Argus hired local artist, Martin Webb (on the right, pictured with Argus Principal, Jeff Breidenbach)…
As we discussed in our last post, the proper branding of real estate developments provides authenticity, reflects the flavor of the location and surrounding community while providing an identity that community members are eager to embrace. Although a number of factors can impact the overall function of a community, effectively building a sense of place offers great potential for revitalization and long-term resilience. Time invested in this endeavor ultimately results in an engaged group of residents expressing pride and passion for the community at large. The work done to create an excellent sense of place creates trust between the developer, their product and the community.
A variety of elements contribute to successful branding, but the following are especially important:
Know the area in which the development will be built. The people, the place, its features and history all play a role in defining the essence of a community. It’s important to remember that brands are not pulled from thin air and must be presented in an authentic way to be believable. It is often said that brands are defined by the people who interact with them. This is true for housing developments, both affordable and market rate. Having a sound platform based on the realities of the place is critical and will inform every step and application as the brand is developed.
To conduct research, a variety of information sources are available. News stories, historical archives and interviews with local people are hugely valuable. Market studies and tenant surveys provide a great resource for insight that will inform the development’s branding.
As with any product, residential developments must fit the needs of the customer, or in this case, the resident. Ideally, development branding will also fit the unique culture of the surrounding community and is a very effective way of creating acceptance of the development among its neighbors.
Residents cannot truly feel a sense of place unless the structures in which they live and how they are presented fit with their unique sense of identity. Developers and architects work to provide developments that fit specific needs. Proper branding will accentuate these attributes and provide a consistent experience as people approach and circulate through a development.
For these reasons, it is critical to study and understand the demographics of the residents and neighbors. It is not an easy task to communicate in a way that resonates with both, but it is well worth the time and effort involved when branding real estate developments.
3. Environmental Features and Amenities
Features unique to the location and the community surrounding the development may exist. They might be architectural, historic or geographic. Leveraging features by drawing conceptual lines between them and the development can strengthen the identity of the place and make it more relevant. In addition, the development becomes more integrated with the community and it’s surroundings.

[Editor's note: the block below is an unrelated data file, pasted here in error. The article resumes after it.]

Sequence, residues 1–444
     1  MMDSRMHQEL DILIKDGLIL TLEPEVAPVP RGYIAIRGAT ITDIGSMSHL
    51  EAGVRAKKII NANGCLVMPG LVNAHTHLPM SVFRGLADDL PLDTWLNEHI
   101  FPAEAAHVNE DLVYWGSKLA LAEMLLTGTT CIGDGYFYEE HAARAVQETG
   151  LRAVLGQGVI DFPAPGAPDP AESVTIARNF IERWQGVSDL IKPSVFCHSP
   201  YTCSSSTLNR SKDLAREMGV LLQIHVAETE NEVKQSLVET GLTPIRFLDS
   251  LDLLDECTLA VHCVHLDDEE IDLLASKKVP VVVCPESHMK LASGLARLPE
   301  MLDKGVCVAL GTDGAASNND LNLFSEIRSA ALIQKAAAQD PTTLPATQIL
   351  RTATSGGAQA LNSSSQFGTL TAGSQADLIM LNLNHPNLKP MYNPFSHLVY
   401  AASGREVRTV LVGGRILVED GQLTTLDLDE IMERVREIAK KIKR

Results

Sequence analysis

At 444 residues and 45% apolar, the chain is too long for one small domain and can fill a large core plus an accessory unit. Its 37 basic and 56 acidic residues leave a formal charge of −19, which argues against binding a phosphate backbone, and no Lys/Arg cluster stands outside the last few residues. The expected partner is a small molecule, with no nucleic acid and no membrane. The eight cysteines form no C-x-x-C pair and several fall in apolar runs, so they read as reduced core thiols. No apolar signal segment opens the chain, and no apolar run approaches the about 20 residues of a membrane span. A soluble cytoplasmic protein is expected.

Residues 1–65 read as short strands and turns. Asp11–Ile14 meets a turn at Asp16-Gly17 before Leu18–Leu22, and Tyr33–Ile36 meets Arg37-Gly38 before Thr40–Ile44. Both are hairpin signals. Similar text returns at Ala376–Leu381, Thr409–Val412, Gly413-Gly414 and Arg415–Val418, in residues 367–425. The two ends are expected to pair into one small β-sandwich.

4. Project Team Communication and Cooperation
Branding is about engagement and it starts with the process of defining the brand itself. Take the time to understand the developer’s vision and the architect’s intent. Keep the entire project team on the same page from the outset, and again at key times throughout the process to strengthen consistency and communication by building consensus. Project managers, architects and anyone else possessing decision-making authority or key insight should be part of the ongoing team. By building consensus at the onset you will be more assured of meaningful engagement and participation as the brand develops.
5. Critical Brand Applications
Consider the name as the starting point, the keystone. Although the name can’t do everything for the brand, it can provide meaning and intrigue. From it, the articulation of the brand emerges and grows.
The identity serves as the development’s signature. Executed well, it will communicate the essence of the property. Similar to the name, a logo must be focused and provide a singular and meaningful expression of the place.
An often overlooked aspect of affordable housing branding is signage. Weak or inappropriate signage can damage the establishment of residents’ emotional connection to a property. Integrated signage serves as an extension of both the name and identity, thereby building a sense of home by providing a cohesive and informative experience. While design is very important, function is critical. It’s important to ensure the signs do their job as they provide a unique visual experience.
Getting the word out in the right way to the right people is critical. Affordable housing developments often have a waiting list of applicants, and little issue of leasing up. But marketing must take into account other audiences, like government agencies and lenders, in addition to potential residents. With the ever expanding use of social, digital and traditional media, developers can be more inventive about how they communicate about their organizations and developments than ever.
These principles aren’t unique to affordable residential developments, they also apply to market rate developments. They are universal to providing a meaningful experience to specific audiences. The issue is, however, that when not applied correctly, or done haphazardly, the potential to provide a great sense of place and the opportunity to extend the value of the property is often lost.
Given the cost of developing an affordable community, crafting a brand that enhances the perception of the place is a valuable investment for the long-term. Properly branding a development will ensure residents, neighbors and surrounding communities connect with and embrace their new home and become a benefit to the community.